Impeachment is a very serious business. It has only happened three times in our nation's history, after all.

Given that fact, you might expect the defense offered by President Donald Trump's lawyers would be serious too. But that's not what's happening.

Turning his angry Twitter posts into his legal strategy, Trump's defense has started offering the nation fact-free arguments that show their contempt for both the Senate, due process and the American people.

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Since they clearly can't defend the indefensible, Trump's legal team is trying to create a big smokescreen instead. The articles of impeachment violate the, they are suddenly claiming.

This is on its face nonsense, however. Impeachment is literally written into the Constitution. You can disagree with the charges, you can disagree with the process, but you can't argue that impeachment itself is unconstitutional.

Another desperate claim being made by Trump's hard-pressed attorneys is that Congress has failed to “allege any crime or violation of the law whatsoever.” This is also complete nonsense. The president's personal hold on military aid for Ukraine broke the law. 

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That leads us to the next laughable defense, with Trump's lawyers claiming that “abuse of power is not an impeachable offense.” Since when? Abuse of power was the second article of impeachment drawn up against Richard Nixon and it was put forward against Bill Clinton at the recommendation of Ken Starr, who is now part of Trump's own legal team.

America's first attorney general Edmund Randolph, who was appointed in 1794, claimed that impeachment power was necessary because the executive (to wit the president) would have “great opportunities of abusing his power.” So it's been on the books for hundreds of years. 

The last truly desperate gambit in Trump's legal team's growing list of Hail Mary passes will be to claim that “the president did nothing wrong.” He's as innocent as a newborn lamb. But if that was true then wouldn't Trump would be pushing very hard to have direct witnesses to his actions testify under oath on his behalf?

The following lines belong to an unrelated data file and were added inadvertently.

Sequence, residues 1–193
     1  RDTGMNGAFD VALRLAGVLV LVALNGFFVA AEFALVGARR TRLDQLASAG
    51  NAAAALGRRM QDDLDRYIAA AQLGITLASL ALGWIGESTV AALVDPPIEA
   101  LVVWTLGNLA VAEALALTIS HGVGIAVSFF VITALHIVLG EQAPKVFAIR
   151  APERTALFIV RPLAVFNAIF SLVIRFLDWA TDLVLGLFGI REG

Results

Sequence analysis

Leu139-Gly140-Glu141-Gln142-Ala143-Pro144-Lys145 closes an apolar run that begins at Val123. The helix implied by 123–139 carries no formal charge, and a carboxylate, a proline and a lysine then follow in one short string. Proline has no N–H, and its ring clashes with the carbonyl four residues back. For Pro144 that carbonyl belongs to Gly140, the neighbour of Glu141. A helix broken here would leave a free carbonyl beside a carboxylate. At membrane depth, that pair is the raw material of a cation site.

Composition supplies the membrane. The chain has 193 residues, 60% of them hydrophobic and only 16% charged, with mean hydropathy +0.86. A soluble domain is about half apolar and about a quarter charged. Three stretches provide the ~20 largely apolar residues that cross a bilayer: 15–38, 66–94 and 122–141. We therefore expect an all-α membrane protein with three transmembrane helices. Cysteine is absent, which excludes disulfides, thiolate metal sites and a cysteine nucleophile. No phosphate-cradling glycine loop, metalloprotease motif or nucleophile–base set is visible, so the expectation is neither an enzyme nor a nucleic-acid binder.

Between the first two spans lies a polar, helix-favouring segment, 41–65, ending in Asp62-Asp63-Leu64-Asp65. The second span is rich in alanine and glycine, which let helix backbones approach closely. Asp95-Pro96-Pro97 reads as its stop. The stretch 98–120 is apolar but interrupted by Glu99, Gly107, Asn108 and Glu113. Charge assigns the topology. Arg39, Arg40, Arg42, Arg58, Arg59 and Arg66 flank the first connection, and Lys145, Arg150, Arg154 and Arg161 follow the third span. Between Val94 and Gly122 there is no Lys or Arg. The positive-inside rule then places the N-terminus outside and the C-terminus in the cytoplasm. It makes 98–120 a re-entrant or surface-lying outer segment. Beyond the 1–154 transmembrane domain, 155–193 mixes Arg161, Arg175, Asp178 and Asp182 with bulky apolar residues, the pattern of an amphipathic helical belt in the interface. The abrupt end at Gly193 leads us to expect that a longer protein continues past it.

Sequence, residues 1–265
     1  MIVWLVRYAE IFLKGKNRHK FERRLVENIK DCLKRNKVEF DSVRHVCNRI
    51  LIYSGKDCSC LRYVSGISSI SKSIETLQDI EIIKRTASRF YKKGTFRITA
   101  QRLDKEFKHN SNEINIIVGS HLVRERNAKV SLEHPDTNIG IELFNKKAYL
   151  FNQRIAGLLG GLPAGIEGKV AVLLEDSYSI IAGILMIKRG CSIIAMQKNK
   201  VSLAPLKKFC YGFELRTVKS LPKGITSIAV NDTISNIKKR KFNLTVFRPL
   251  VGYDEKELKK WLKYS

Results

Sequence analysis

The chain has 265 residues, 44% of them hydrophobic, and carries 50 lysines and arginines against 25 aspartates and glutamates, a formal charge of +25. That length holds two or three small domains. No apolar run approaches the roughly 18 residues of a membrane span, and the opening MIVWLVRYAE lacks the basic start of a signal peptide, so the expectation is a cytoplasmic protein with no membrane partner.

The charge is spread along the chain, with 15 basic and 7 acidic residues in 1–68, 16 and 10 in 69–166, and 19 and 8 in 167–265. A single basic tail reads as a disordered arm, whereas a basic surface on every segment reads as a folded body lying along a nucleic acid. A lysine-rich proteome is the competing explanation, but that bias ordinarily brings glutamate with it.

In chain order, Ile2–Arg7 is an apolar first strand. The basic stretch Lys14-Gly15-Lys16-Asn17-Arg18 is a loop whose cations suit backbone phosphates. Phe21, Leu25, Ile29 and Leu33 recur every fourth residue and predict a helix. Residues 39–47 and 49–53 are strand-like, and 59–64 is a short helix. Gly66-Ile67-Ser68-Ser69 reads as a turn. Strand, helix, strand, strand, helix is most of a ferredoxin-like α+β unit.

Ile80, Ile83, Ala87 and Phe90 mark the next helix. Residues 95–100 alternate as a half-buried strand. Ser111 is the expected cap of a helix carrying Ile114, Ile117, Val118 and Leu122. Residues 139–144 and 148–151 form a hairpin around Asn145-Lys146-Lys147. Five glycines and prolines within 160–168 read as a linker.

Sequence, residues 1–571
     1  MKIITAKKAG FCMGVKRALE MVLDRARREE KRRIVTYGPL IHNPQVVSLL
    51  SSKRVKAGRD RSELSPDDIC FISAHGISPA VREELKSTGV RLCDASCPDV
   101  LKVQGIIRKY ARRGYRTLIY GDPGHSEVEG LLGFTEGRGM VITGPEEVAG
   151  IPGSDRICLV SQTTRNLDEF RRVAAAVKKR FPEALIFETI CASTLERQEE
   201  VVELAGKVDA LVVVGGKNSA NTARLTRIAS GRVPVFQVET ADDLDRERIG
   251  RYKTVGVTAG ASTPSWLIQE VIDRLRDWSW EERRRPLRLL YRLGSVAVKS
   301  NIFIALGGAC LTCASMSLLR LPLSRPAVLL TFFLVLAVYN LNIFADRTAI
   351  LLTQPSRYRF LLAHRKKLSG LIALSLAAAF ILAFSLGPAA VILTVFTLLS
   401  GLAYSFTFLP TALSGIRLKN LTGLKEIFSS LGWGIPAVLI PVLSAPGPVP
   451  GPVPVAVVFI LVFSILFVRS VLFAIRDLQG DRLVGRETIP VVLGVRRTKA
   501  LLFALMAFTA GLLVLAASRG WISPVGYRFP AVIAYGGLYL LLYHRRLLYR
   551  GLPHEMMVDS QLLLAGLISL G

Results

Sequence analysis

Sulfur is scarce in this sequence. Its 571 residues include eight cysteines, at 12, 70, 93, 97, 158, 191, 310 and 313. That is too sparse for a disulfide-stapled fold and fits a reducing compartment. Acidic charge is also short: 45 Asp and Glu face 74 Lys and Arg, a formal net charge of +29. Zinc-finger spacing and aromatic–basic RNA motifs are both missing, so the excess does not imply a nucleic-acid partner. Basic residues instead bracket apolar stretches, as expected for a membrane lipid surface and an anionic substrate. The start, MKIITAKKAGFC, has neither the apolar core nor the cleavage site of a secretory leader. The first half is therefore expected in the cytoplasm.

That's not what Trump is doing though, is it? Instead, he's turned to his trusty muck spreader of a Twitter account hoping to project and deflect and keep his loyal supporters from noticing he doesn't want anyone in his team who actually knows what was happening to ever testify before the Senate. These moves are simply not contingent with innocence.

Something to keep in mind as the Senate trial begins: Trump did what he is accused of doing. There is overwhelming evidence. Phone call summaries, witness testimony from people Trump himself handpicked, memos, notes, and Trump himself — on camera. Republicans simply don’t care.

— Brian Klaas (@brianklaas) January 21, 2020

This week Trump is at a summit in Davos, Switzerland where he would not answer a blunt question about whether there should be witnesses at impeachment trial? He is really trying to steer clear of the subject entirely. Instead, he claims he's the subject of a hoax and a witch hunt as if saying those dramatic words could absolve him of his own unlawful actions.

Witnesses will give the game away. He knows that. They would be compelled under oath to describe the president's clear abuses of power. That would be a disaster for Trump and the GOP, which is why Speaker Mitch McConnell has planned to hold the entire impeachment trial in the dead of night now, earning him the Twitter hashtag #MidnightMitch.

Minority Leader Chuck Schumer is not having it, however. The McConnell rules “don't even allow the simple, basic step of admitting the House record into evidence at the trial,” Schumer fumed. 

“Under this resolution, Senator McConnell is saying he doesn't want to hear any of the existing evidence, and he doesn't want to hear any new evidence. A trial with no evidence - no existing record, no witnesses, no documents - isn't a trial at all. It's a cover-up, and the American people will see it for exactly what it is.”

You have to admit it looks really bad that McConnell is insisting that all the key facts be delivered in the dark of night, simply because he doesn't want the American people to be awake to hear them.

In a statement this week Harvard University's Constitutional Law Scholar Laurence Tribe agreed with Schumer, saying McConnell's rules “aren't rules for a real trial at all, much less a fair one. They're rules for a rigged outcome...”

"If a president can obstruct his own investigation, if he can effectively nullify a power the Constitution gives solely to Congress...then the president places himself beyond accountability, above the law...It makes him a monarch." —@RepAdamSchiff #TrumpsRemovalTrial

— CAP Action (@CAPAction) January 21, 2020

So the real danger isn't just that we are being treated like empty-headed children who can't be trusted to learn the truth about the president's abuse of power, it's that our political leaders in the GOP have decided that we don't even need to be informed in the first place. 

No evidence, no witnesses, no time and no TV cameras? That's the kind of blatant coverup that they specialize in far away authoritarian nations, not the United States of America.

Nothing stinks of coverup more than a trial held at 2am but thanks to Trump and Mitch McConnell now, that's America in 2020. 

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